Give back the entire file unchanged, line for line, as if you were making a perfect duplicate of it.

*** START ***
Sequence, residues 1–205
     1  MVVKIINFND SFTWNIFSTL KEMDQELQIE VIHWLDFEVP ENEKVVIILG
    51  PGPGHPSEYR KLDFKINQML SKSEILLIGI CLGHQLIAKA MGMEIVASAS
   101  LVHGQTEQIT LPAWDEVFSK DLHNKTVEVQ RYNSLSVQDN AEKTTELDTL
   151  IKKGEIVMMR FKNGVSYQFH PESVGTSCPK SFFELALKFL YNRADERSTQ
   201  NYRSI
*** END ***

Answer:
Sequence, residues 1–205
     1  MVVKIINFND SFTWNIFSTL KEMDQELQIE VIHWLDFEVP ENEKVVIILG
    51  PGPGHPSEYR KLDFKINQML SKSEILLIGI CLGHQLIAKA MGMEIVASAS
   101  LVHGQTEQIT LPAWDEVFSK DLHNKTVEVQ RYNSLSVQDN AEKTTELDTL
   151  IKKGEIVMMR FKNGVSYQFH PESVGTSCPK SFFELALKFL YNRADERSTQ
   201  NYRSI